The largest one-piece hook (fig. 10, b) seen at Atafu was used for catching fapuku, formerly a sacred fish. In olden days this hook was made of two forked branches, like the Ruvettus hook or the small wooden hooks used by the Tahitians to catch Epinephelus sp. (hapu'u; Tokelau, fapuku) (21). The shank has a lashing knob at the tip. The snood is looped and lashed below the knob and seized by the lashing thread. One end of the loop is divided from the snood and continued as a long sinker line. A short line is lashed to the point leg for binding on the bait. Other iron hooks (fig. 10, c, d) are made in the form of the ring-shaped hooks of bone and shell used in olden times. The points project characteristically downward as in the angular hooks. The end of the shank is doubled over, and a wire snood is looped through.
Figure 10.—One-piece iron hooks. a, matau malau: 1, slightly curved shank with (5) notched lashing projection; 2, bend; 3, rounded point leg; 4, downward projecting point. b, matau fapuku: 5, lashing knob at end of (1) shank; 6, seized double snood secured by (7) lashing around (1) shank; 8, continuation of one end of (6) snood as attachment for sinker. c, ring-shaped hook (matau lulu). d, ring-shaped hook (matau palumalau). e, 5, looped end of (1) shank for attachment of (6) wire snood, characteristic of c and d. Measurements in inches are: hook a, shank 1½, point leg 1⅜, point ½, maximum width 1, clearance 5/16; hook b, shank 3⅜, point leg 3 7/16, point 1⅛, maximum width 2¼, clearance ¾; hook c, shank 2⅝, point leg 1¾, maximum width 1 9/16, clearance 5/16; hook d, shank 2⅛, point leg 1½, maximum width 1 7/16, clearance 9/16.
The Ruvettus hook (fig. 11) is composed of two forked branches of ngangie wood. The larger fork forms the shank and point leg, and the other the point and the pin which is joined to the point leg. The fork of the shank and point leg make an angle of about 40 degrees. The branch of the fork forms the shank, and the stem forms the point leg; the stem below the bend is cut off and thinned down. Both branches are left round in cross section. The upper end of the shank is trimmed and pointed and is provided with two knobs on the inner and outer parts for lashing the snood. A V-shaped groove is cut along the outer part of the upper end of the point leg, and a deep notch is cut in the tip. The inner part of the point pin has an angular face to fit this groove, and the angular under side of the point fits into the notch.page 104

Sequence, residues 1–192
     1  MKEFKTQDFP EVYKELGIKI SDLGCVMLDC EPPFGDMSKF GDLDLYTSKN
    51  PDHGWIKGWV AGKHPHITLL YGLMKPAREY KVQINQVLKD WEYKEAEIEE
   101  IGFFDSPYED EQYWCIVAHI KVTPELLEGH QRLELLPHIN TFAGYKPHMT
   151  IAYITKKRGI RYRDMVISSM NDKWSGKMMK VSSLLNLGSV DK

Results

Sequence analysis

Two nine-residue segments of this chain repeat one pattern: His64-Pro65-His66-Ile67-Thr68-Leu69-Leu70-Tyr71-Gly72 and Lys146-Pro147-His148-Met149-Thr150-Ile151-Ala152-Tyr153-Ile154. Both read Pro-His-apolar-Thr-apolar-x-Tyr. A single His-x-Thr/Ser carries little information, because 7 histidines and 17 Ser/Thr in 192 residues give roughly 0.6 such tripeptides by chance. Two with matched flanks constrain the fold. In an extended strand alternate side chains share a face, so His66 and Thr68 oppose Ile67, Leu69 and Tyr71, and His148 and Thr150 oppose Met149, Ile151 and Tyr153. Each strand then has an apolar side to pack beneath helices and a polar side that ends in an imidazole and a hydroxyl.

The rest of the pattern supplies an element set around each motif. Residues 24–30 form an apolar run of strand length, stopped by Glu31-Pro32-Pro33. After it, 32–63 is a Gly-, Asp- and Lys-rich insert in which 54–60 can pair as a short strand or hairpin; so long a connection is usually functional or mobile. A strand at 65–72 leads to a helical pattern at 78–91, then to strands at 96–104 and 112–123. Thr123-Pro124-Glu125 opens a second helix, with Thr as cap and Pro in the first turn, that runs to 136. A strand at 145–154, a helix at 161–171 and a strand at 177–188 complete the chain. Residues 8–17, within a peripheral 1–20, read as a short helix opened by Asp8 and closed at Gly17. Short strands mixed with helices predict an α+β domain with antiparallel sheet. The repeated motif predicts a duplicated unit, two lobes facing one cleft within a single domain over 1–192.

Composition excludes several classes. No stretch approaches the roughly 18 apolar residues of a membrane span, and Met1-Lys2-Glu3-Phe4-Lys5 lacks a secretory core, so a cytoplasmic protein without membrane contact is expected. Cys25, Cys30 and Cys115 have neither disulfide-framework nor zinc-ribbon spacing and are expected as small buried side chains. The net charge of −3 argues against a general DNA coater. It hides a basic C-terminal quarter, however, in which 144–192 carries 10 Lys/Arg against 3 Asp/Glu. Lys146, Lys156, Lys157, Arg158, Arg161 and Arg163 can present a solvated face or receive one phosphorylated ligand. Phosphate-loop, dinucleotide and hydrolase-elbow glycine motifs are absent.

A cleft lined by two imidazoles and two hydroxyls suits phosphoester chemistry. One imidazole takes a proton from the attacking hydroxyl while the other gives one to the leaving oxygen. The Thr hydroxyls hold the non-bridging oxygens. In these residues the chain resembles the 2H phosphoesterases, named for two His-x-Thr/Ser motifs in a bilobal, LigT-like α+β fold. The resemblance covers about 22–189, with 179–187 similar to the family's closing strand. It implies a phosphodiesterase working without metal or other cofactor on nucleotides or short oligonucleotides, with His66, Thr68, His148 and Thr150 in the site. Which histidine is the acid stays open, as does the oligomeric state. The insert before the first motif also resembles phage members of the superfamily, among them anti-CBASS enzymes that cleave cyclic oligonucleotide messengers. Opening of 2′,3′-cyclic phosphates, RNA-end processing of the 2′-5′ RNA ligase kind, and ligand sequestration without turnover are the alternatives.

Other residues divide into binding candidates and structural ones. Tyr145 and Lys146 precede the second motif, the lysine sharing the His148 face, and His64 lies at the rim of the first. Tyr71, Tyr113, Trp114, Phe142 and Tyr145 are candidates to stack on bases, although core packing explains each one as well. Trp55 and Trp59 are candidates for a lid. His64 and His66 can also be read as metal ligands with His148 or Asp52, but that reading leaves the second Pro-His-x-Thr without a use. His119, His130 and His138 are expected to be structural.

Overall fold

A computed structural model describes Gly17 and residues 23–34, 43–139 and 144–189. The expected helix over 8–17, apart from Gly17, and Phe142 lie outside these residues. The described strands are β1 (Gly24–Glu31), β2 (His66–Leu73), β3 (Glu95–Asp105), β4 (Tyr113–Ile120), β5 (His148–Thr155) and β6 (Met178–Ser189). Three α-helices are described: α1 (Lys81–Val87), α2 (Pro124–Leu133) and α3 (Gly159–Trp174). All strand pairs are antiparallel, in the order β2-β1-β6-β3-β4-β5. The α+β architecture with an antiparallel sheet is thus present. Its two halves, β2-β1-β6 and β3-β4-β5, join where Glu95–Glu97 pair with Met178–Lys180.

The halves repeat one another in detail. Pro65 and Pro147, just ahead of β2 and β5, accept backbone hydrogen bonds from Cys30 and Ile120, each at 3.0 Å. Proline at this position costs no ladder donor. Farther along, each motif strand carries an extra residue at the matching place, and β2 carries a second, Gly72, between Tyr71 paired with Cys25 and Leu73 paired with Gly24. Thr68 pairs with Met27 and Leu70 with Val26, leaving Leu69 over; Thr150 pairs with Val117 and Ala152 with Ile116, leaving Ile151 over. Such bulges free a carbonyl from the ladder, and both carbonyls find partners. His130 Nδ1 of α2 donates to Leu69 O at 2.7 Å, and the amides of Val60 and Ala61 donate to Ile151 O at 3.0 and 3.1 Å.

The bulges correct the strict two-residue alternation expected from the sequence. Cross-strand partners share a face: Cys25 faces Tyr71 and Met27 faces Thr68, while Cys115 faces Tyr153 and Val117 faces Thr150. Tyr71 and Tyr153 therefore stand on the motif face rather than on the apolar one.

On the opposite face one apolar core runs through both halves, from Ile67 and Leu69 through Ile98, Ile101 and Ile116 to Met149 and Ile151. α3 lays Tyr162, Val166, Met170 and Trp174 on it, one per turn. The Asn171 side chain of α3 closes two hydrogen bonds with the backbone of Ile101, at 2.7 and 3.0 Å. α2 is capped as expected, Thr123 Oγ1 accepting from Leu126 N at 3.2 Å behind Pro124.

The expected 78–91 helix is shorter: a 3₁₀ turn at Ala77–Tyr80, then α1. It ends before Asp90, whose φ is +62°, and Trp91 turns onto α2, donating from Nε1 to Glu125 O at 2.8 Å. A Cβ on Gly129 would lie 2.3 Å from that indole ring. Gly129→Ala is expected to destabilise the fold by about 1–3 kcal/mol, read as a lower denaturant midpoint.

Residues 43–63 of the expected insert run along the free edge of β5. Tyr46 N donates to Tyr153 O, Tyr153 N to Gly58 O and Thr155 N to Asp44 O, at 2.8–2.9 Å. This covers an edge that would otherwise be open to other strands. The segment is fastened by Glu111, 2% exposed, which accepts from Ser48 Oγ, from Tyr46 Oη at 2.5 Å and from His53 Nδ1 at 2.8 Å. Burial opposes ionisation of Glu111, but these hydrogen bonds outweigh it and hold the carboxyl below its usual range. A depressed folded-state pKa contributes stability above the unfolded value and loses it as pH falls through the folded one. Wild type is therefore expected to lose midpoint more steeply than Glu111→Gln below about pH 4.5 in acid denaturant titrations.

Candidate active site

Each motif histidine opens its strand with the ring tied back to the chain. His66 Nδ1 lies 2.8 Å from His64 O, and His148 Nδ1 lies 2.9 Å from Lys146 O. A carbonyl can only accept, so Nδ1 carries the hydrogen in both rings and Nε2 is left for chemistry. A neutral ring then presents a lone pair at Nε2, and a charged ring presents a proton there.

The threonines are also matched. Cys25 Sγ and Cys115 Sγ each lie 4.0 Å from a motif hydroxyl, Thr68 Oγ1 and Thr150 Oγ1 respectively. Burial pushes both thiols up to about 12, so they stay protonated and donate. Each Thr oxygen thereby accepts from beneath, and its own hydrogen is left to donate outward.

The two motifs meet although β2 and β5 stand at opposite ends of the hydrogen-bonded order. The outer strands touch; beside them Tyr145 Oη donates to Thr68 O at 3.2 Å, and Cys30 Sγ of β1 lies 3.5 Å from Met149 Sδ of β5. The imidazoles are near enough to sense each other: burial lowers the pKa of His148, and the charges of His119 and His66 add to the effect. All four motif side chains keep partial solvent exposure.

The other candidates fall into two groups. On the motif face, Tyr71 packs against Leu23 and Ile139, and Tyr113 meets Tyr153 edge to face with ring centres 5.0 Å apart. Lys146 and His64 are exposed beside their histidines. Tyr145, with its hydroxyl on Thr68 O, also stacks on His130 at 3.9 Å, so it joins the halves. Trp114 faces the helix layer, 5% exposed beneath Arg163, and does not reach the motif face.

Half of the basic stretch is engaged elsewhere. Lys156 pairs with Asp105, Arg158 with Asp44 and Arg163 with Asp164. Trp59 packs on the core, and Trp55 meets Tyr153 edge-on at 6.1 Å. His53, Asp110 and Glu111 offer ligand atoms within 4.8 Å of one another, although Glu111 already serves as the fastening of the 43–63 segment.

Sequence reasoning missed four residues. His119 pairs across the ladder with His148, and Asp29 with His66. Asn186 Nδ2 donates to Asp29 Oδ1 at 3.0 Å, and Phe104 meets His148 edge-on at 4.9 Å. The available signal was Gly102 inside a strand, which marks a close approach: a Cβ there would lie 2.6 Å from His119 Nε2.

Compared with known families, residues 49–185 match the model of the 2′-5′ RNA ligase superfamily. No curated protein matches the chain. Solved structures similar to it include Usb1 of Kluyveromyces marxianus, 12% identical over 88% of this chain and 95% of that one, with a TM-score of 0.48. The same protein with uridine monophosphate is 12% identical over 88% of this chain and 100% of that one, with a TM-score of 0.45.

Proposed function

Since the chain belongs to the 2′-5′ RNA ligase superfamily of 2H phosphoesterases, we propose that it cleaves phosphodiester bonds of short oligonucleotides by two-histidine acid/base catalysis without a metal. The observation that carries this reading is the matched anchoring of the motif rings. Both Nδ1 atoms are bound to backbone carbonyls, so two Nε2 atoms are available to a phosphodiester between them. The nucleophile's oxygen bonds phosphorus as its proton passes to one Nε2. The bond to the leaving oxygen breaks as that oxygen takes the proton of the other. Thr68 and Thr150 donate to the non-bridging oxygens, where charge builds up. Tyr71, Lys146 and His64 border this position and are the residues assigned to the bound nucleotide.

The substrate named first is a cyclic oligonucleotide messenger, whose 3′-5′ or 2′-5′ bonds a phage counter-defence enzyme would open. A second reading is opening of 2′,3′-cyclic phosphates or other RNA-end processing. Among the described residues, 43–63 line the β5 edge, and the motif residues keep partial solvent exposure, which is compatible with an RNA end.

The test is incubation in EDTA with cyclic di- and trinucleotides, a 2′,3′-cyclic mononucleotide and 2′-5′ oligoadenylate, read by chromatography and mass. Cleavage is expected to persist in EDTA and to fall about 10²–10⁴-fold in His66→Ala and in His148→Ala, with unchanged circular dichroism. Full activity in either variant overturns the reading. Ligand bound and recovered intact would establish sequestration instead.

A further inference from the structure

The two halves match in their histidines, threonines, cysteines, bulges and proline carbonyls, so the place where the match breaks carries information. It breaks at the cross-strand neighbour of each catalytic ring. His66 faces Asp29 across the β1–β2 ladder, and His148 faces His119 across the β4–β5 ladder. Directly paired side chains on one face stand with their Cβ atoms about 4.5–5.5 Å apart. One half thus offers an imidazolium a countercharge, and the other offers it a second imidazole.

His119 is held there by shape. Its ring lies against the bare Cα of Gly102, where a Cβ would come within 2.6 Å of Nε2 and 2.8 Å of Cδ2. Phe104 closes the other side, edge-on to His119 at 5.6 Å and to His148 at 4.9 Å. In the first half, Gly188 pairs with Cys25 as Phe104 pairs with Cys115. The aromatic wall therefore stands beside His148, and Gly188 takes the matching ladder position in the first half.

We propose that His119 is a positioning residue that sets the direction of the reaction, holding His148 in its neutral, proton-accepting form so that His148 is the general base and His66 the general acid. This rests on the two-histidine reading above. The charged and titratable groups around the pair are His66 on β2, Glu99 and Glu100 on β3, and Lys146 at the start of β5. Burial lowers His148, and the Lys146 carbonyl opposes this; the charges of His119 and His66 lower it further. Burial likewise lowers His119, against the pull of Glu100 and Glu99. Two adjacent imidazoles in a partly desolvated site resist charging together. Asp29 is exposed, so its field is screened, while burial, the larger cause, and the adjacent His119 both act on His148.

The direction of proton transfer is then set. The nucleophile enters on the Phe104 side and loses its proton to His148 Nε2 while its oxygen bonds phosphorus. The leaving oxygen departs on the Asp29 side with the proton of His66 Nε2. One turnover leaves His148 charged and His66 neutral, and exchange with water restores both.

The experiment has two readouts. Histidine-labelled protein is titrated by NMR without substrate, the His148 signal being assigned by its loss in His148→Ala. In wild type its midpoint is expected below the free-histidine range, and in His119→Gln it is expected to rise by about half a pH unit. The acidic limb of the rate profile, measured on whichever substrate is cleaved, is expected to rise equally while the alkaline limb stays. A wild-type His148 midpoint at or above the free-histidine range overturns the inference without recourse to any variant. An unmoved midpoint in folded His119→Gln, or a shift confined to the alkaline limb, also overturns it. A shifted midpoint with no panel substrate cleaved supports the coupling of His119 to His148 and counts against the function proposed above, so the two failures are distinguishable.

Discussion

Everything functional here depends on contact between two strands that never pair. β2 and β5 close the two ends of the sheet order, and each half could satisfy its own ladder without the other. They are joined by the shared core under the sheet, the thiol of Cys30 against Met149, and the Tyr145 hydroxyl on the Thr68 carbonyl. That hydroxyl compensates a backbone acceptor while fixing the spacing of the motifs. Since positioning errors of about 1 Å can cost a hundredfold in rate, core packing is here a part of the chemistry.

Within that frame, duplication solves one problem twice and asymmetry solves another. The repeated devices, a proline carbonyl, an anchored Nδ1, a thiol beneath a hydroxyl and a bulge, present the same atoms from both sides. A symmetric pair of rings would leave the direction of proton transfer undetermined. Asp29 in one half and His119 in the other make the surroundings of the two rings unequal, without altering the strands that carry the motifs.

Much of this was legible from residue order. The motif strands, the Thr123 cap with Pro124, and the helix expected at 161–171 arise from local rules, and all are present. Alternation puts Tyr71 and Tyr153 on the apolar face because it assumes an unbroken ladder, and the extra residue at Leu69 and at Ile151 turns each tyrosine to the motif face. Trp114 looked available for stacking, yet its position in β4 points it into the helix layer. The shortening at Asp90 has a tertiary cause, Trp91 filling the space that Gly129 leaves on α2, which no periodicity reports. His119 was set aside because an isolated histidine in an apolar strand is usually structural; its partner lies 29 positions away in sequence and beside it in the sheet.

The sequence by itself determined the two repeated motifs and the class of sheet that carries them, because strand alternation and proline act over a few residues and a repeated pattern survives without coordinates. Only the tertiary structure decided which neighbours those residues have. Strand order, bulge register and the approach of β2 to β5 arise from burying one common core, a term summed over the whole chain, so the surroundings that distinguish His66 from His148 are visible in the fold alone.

Figure 11.—Ruvettus hook. a, side view: 1, shank; 2, point leg; 3, notched end of (2) point leg; 4, point; 5, pin of point joined to outer part of (2) point leg, lashed and wrapped with (6) coconut stipule covering which is secured by (7) braided sennit binding; 8, bait lashing of sennit cord; 9, heavy sennit snood secured to (10, 11) two lashing knobs, covered by (12) piece of stipule, lashed by (13) sennit braid. b, scarf joint of Ruvettus hook: 1, point leg and 2, pin of point; 3, bilateral facing of inner part of pin of (2) point fits (4) V-shaped groove of (1) point leg; 5, angle of underside of (1) point fits in (6) notch at tip of (1) point leg. Measurements in inches inside and outside (respectively) are: shank 9½ and 12½, point leg 9⅛ and 12¾, point 3¼ and 4 3/16, maximum width 3⅝ and 4¾, clearance between tip of point and shank 1¼, length of snood 18¼.
The scarf joint is lashed securely and wrapped with a piece of the fabric-like stipule of coconut leaves folded on the outer part. This is lashed with light sennit braid three times around the lower edge, twice around the middle, and six times around the upper edge (fig. 11, a). A bait lashing is secured at one end to the point leg outside the stipule wrapping. The snood is made of heavy 3-ply sennit braid ⅜ inch wide. Its lashing to the end of the shank is covered by a small piece of coconut stipule, which extends above the tip of the shank and is lashed spirally. These wrappings protect the inner lashings of the snood and scarf joint from being sawed by the fish's teeth.
Ruvettus (palu) does not hold a large place in the diet of the Tokelau people due to its purgative effect and is therefore only occasionally sought. Only two palu-fishing expeditions took place during the 10 weeks of the field trip to Atafu.
A calm sea is preferred for Ruvettus fishing because the canoe remains still and the fisherman can distinguish the pull of a fish from the drag of the heavy sennit lines. For this reason the expeditions go to the banks on the protected lee side of the island. But if a wind rises it blows the canoes away from the island. Therefore expeditions are held on moonlight nights when the fishermen can see the island to get their bearing.
The Atafu method of fishing for Ruvettus with a single hook corresponds identically with Ruvettus fishing at Vaitupu in the Ellice Islands, as described fully by Kennedy (13).
Composite hooks made of a pearl-shell shank and a turtle-shell barbless point are employed for casting from the edge of the reef and for trolling from canoes. The hooks used for casting and shore trolling are made in different sizes and are modified in construction for the different species of fish for which they are used. But they all adhere in general to the pattern of the single type of hook used in trolling for bonito.